N.T. Wright is the latest to push the argument—he does it oh so well—that you can’t account for the passions of Paul and Peter were Jesus not risen indeed to spark them. I would argue the same for the Christ-centered deeds of today’s saints. This much is beyond argument: those deeds well up from a driving conviction that Jesus owns the future, a prospect so enticing that it necessarily turns weary old dogs into eager zealous pups. Watch quietly, delightedly, as they do their saintly tricks, somehow accomplished amid the still deep shadows of their lingering sin. What you’re seeing is Paul’s fantastic assertion continually underscored in the tangible flesh and blood of real persons, real stuff: “If anyone is in Christ—Yes!—new creation, and again, not merely new but brand spanking new, all over again.” (2 Cor. 5:17). The Word took flesh and died for the right to command this into being. How is it being, I ask, if that same Word, once crucified, is not alive and ruling the world to make it so?
+ + +
G is for Go as in Let Go, I Go, You Go. That (more or less) is what Jesus told Mary on Easter morning when—Yes!—there was light and she saw who he was (Jn. 20:17).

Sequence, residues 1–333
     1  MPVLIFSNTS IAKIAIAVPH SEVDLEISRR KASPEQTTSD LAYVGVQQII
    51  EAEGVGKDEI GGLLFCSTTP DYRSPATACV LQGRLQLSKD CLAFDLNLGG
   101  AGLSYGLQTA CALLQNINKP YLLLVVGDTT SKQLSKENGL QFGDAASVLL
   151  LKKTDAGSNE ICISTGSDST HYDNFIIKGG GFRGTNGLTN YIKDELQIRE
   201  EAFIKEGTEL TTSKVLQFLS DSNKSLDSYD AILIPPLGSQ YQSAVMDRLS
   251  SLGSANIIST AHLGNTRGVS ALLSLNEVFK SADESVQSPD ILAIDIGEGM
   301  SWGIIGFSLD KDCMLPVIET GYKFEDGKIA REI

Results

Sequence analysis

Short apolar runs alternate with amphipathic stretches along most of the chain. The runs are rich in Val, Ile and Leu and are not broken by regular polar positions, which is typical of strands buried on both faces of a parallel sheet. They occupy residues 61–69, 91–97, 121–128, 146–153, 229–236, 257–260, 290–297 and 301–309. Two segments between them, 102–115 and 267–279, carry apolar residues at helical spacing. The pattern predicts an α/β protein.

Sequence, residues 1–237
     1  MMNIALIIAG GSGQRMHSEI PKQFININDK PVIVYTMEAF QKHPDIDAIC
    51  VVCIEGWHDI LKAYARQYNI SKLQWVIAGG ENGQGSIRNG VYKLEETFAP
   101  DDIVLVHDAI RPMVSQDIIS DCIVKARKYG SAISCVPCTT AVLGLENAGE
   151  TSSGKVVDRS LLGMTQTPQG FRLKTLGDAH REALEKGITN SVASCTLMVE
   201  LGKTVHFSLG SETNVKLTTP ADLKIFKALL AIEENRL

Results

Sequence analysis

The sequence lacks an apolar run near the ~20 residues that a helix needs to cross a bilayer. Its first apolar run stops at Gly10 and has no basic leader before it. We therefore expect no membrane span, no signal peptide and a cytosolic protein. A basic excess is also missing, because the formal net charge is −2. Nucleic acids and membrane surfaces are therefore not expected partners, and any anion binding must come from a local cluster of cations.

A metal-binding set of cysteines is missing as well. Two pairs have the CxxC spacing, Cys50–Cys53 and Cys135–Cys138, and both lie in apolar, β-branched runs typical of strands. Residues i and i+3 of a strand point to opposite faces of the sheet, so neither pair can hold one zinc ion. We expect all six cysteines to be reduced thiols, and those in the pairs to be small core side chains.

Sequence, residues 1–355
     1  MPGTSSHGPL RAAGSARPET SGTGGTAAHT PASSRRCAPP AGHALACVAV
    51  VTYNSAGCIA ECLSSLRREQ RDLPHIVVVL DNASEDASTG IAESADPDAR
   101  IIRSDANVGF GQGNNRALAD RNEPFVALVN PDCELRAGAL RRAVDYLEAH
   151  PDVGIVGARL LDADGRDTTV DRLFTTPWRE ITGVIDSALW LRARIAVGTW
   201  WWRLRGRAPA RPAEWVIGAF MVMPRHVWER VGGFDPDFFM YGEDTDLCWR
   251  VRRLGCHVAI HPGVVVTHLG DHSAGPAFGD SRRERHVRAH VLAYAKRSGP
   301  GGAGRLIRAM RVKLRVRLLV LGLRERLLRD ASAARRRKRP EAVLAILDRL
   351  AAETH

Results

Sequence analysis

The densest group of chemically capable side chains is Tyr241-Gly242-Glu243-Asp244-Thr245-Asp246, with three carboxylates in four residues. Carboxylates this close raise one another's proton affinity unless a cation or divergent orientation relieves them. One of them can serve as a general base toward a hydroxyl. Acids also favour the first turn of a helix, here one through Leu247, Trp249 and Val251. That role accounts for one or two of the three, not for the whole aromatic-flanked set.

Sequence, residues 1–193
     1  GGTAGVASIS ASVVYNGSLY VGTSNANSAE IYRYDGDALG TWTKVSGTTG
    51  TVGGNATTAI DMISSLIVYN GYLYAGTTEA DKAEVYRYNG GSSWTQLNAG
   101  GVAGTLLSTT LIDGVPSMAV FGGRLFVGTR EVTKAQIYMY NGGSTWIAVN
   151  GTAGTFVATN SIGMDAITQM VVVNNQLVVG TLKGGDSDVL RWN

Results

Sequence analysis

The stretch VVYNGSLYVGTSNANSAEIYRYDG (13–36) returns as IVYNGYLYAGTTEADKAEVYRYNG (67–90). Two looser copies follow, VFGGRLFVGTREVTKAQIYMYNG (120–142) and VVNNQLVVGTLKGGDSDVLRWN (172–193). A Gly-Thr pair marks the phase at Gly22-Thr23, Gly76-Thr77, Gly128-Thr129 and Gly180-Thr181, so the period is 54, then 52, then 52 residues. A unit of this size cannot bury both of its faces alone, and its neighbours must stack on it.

“Don’t cling to me,” says Jesus. Yet again, who of us will blame her for wanting to? Daughter of the same dying world we inhabit, Mary takes it for granted—as do I, as do you—that all good things inevitably must end, whether suddenly or in that long, sad slide from better to worse, from livelier to deader. In such a world you grab for the gusto as it shoots by, because gusto gone is gone for good—and that’s very bad. (How oddly we creatures of the dark use words.).
Back to Mary, in whose mind is the memory, still fresh, of life at its best. This was life with Jesus in those heady pre-crucifixion days when he drove out the devils of fear and loneliness and bitter self-loathing; when, to replace them, he blessed her with first-ever inklings of what hope and love and joy are really like. Torn from her, he was. And if, by one of those freak glitches in the inexorable grinding of fate she should find her lost joy momentarily restored—well, thinks she, I’m going to hang on to it for all I’m worth.